10 Things You Didn't Know Hydration Could Do for Your Brain and Body

10 Things You Didn't Know Hydration Could Do for Your Brain and Body

We all know that it is important to drink plenty of water, but do you know why? I’ll be honest: I didn’t know until recently, when I started doing some research to answer some of the questions that came up in my SGX classes. (I’m the coach.) Believe me when I say that I was amazed at the reasons why hydration helps us. Here’s what I found.

Why You Should Make Hydration a Priority

1. Water promotes brain function.

Your brain consists of about 85% water. It makes sense, then, that if the body becomes dehydrated, the brain is going to suffer. Dehydration affects memory, concentration and coordination. The lack of water actually causes the neurons to shrink, which disrupts hormones and neurotransmitters as well as the brain’s ability to communicate with other organs. If a Spartan is always learning, the brain must be sharp and ready to focus.

2. Water is essential for circulation. 

The human body consists of between 65% and 75% water, depending on your body composition. Water is crucial for the body’s ability to maintain proper blood flow, which transports oxygen to all of its cells. In addition to transporting oxygen, blood takes carbon dioxide from the cells back to the lungs, from which it leaves when we exhale. This means that if you’re not hydrated, your blood is not going to work as well. This is obviously not good, especially during long endurance events.

3. Water keeps your skin healthy.

Every month, your outer layer of skin regenerates itself. This means that you can see the positive effects of drinking enough water after about a month. (Some people report “glowing.”) But that’s not the most important part. Your skin is your body’s largest organ and requires water to regenerate new cells. If your skin doesn’t regenerate, cuts and wounds won’t heal. In addition, the skin can become dry and less elastic if it is dehydrated.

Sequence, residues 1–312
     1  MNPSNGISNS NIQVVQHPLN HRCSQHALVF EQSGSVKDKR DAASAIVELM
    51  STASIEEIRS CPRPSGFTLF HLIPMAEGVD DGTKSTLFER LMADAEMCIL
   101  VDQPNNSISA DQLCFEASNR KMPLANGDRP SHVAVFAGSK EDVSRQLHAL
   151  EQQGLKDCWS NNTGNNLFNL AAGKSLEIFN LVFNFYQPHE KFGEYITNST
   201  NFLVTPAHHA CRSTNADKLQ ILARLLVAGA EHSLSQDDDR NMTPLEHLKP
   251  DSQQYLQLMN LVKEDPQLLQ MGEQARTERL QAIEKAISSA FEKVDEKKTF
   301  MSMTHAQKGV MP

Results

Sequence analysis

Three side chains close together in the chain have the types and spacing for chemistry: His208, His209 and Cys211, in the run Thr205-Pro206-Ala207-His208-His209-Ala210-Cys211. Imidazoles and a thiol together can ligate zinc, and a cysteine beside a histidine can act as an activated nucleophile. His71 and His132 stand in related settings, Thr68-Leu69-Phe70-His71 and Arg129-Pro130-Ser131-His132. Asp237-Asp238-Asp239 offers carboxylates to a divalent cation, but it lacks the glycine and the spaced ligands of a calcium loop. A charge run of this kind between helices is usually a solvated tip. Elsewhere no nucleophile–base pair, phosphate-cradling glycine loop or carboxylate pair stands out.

4. Water keeps your muscles healthy.

I bet you’re starting to see a pattern. Turns out the muscles are like the brain, the blood, and the skin; they work better when the body is properly hydrated. Hydration keeps the joints and cartilage lubricated, providing better support for your muscles. Dehydration often results in muscle cramps and a decrease in performance.

Related: 9 Scientifically Proven Ways to Grow Muscle Fast

5. Water helps us digest food. 

Drinking water before and during a meal can help to dissolve chewed food and help it pass through the digestive tract. Water also helps to flush toxins from the body and to relieve constipation. Drink up!

6. Water will energize you.

Remember what I said in #2? Because hydration helps your blood to transport more oxygen and nutrients to your cells and organs, your organs will not have to work as hard to, well, to keep you alive.

I can explain this with a question: have you ever tried to go for a run on a full stomach? My guess is that you have, and that you didn’t like it. This is because, after you eat, all of the blood rushes to your stomach to help it to break down food. Less blood is available to fuel your legs. Therefore, your legs feel more tired. Being well hydrated means that your blood will work better, which means that you will digest food better, which means that you will have more energy.

7. Water helps us regulate body temperature.

Your face gets red after you exercise because your body generates heat when it moves. To keep from overheating, your body sends warm blood into the skin. At the same time, your body produces sweat, which cools your body as it evaporates. This, in turn, cools the blood, which cools you. However, this can’t happen if your blood isn’t working efficiently, or if your body can’t produce sweat. Both of those processes take lots of water.

Related: Heat Exercise: The 5 Powerful Benefits of Acclimating

8. Water keeps you in shape.

I don’t mean that it takes the place of exercise and good food. I mean that water is an excellent training tool. Whether you’re swimming laps in a pool or lifting your body out of the water by hoisting yourself onto the dock or the side of the pool, water is a great place to practice your obstacle skills.

9. Water decreases stress.

Becoming only mildly dehydrated can cause a spike in cortisol production. Cortisol is our chief stress hormone and can cause an increase of sugars in the bloodstream. This means that hydrating can help to keep cortisol levels down and keep your blood sugar at a healthy level.

10. Water therapy can help you heal faster.

Water therapy, ice baths for example, can rejuvenate the muscles. Hot springs or hot tubs, on the other hand, can be soothing and relaxing. Dunk tanks or sensory deprivation tanks can be amazing for meditation and self-exploration, and these are just the beginning.

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